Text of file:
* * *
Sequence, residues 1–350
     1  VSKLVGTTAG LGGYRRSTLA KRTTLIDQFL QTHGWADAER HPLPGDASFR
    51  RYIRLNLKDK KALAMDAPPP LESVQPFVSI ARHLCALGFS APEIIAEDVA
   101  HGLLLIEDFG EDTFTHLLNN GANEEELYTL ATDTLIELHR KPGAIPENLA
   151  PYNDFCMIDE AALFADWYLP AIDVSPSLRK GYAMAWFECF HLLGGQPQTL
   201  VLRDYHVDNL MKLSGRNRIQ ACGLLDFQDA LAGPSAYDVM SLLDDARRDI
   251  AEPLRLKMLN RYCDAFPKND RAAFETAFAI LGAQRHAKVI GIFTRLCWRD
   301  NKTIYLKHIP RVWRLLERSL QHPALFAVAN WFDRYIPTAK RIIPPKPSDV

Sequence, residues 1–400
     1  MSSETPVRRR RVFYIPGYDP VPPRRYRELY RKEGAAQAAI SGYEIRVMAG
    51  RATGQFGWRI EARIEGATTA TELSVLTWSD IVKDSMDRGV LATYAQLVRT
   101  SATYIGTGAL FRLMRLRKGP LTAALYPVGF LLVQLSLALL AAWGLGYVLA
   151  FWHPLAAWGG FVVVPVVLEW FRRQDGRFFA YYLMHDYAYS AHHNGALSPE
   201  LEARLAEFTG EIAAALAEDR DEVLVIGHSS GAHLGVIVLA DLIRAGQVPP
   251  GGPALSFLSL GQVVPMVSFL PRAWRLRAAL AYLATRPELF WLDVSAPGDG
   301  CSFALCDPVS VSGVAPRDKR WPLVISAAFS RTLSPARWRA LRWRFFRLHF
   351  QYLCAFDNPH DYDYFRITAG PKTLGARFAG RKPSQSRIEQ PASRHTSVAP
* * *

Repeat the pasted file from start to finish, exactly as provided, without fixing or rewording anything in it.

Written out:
Sequence, residues 1–350
     1  VSKLVGTTAG LGGYRRSTLA KRTTLIDQFL QTHGWADAER HPLPGDASFR
    51  RYIRLNLKDK KALAMDAPPP LESVQPFVSI ARHLCALGFS APEIIAEDVA
   101  HGLLLIEDFG EDTFTHLLNN GANEEELYTL ATDTLIELHR KPGAIPENLA
   151  PYNDFCMIDE AALFADWYLP AIDVSPSLRK GYAMAWFECF HLLGGQPQTL
   201  VLRDYHVDNL MKLSGRNRIQ ACGLLDFQDA LAGPSAYDVM SLLDDARRDI
   251  AEPLRLKMLN RYCDAFPKND RAAFETAFAI LGAQRHAKVI GIFTRLCWRD
   301  NKTIYLKHIP RVWRLLERSL QHPALFAVAN WFDRYIPTAK RIIPPKPSDV

Sequence, residues 1–400
     1  MSSETPVRRR RVFYIPGYDP VPPRRYRELY RKEGAAQAAI SGYEIRVMAG
    51  RATGQFGWRI EARIEGATTA TELSVLTWSD IVKDSMDRGV LATYAQLVRT
   101  SATYIGTGAL FRLMRLRKGP LTAALYPVGF LLVQLSLALL AAWGLGYVLA
   151  FWHPLAAWGG FVVVPVVLEW FRRQDGRFFA YYLMHDYAYS AHHNGALSPE
   201  LEARLAEFTG EIAAALAEDR DEVLVIGHSS GAHLGVIVLA DLIRAGQVPP
   251  GGPALSFLSL GQVVPMVSFL PRAWRLRAAL AYLATRPELF WLDVSAPGDG
   301  CSFALCDPVS VSGVAPRDKR WPLVISAAFS RTLSPARWRA LRWRFFRLHF
   351  QYLCAFDNPH DYDYFRITAG PKTLGARFAG RKPSQSRIEQ PASRHTSVAP